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May 16, 2006

Review - Vasari Singers/Backhouse

The Sunday Times (UK):

One sometimes writes, hyperbolically, of a performance moving one to tears. But at the end of Francis Pott’s The Cloud of Unknowing, genuine tears were shed. In part that was due to the circumstances. This 80-minute oratorio for choir was written in response to the wars and atrocities of the past five years, and specifically to the July 7 bombings in London.

What’s more, it was being given its premiere (in the London Festival of Contemporary Church Music) at St Pancras Church, close to where many were caught by the bus blast. And if memories of that day were not sharp enough in Londoners’ minds, the unscripted wail of police sirens during the quiet final pages of Saturday’s performance, subliminally reminded us that the cycle of hate and violence goes on and on.

That, and a heartfelt plea for reconciliation and tolerance, is very much the theme of Pott’s oratorio. But the work is far from being simplistic peace propaganda. The 48-year-old draws his texts from the psalms, war poets, Blake and other visionary writers, and a mystical medieval tract. These are arranged in such a way that mankind’s instinctive tendency to lash out at enemies or perceived enemies is continually, and often ironically, contrasted with individual man’s capacity for heroism and self-sacrifice, as epitomised by the Crucifixion.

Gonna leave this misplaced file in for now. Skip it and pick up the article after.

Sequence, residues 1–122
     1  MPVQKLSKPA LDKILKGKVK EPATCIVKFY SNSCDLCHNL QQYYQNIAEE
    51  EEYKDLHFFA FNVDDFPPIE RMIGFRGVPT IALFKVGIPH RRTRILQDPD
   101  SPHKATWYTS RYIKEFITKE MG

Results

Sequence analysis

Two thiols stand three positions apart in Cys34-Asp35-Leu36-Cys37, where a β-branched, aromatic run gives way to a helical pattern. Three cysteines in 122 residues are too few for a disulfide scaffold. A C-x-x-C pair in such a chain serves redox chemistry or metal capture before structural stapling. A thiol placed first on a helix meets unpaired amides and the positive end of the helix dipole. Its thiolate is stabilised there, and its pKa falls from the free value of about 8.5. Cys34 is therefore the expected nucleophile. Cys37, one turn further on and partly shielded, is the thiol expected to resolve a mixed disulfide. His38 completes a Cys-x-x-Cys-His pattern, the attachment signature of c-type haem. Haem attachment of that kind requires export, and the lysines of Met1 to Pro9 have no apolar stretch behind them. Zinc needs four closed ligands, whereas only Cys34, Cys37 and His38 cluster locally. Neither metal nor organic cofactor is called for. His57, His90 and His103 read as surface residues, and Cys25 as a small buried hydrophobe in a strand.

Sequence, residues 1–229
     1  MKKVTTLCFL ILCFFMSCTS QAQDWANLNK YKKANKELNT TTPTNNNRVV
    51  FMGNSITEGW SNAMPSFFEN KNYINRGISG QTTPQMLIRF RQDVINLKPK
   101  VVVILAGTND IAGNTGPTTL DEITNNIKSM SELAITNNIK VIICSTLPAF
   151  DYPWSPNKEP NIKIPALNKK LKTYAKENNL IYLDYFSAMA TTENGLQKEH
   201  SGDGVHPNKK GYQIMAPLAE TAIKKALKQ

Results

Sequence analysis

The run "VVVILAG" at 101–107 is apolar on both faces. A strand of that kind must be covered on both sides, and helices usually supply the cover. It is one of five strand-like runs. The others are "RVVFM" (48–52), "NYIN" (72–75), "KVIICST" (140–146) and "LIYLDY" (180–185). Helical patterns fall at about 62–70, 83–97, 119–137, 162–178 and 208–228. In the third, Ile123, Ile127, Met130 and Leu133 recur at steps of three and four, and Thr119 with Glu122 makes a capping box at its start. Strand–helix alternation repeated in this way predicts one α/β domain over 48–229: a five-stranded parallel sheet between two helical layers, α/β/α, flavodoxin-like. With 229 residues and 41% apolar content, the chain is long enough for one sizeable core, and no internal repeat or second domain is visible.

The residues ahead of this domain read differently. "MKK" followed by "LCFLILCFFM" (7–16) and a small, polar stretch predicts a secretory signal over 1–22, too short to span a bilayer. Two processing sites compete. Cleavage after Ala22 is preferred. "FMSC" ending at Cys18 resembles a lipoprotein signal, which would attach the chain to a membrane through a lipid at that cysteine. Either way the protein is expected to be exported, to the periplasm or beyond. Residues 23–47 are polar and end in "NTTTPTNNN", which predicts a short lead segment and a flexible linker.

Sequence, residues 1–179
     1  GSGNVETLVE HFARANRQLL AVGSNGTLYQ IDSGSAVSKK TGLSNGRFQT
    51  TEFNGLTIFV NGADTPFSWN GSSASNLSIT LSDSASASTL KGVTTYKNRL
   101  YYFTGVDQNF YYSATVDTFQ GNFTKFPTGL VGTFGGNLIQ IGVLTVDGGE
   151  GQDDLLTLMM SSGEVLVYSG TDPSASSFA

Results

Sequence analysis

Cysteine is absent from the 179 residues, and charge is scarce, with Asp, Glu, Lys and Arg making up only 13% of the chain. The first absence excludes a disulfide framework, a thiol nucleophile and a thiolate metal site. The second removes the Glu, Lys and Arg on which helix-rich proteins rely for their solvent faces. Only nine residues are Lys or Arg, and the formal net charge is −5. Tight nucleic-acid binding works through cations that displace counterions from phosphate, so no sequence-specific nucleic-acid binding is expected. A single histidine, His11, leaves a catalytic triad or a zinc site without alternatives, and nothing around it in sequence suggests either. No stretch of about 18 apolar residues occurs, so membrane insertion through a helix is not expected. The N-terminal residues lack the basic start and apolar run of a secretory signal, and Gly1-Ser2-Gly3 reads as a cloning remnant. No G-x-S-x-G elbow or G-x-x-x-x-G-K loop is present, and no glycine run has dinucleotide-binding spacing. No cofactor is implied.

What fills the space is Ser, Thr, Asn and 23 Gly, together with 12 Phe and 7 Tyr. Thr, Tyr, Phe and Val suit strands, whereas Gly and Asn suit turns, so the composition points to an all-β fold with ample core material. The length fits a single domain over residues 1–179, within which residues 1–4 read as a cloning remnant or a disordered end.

Often the tenor (James Gilchrist, superb) takes the part of human conscience, crying in vain against the chorus’s war-cries. But in the glorious epilogue it is the chorus that calls for a “blind stirring of love”, in a stupendous outburst of rich polyphony — wave upon wave, gloriously sustained.

Pott’s musical style is tonally-based, perhaps a little unvaried in texture and articulation, but richly chromatic and laced with telling dissonance. It is also thoroughly grounded in the English oratorio tradition, with reminiscences of Elgar, Walton and Tippet.

Any choir would find the piece a challenge, not least to its stamina. But Jeremy Backhouse’s excellent Vasari Singers performed it not just accurately, but with bags of heart and soul as well. A sincere, intelligent and admirably unsensational meditation on the darkness at the heart of man, The Cloud of Unknowing deserves a concert life beyond this moving performance.

Posted by acapnews at May 16, 2006 10:25 PM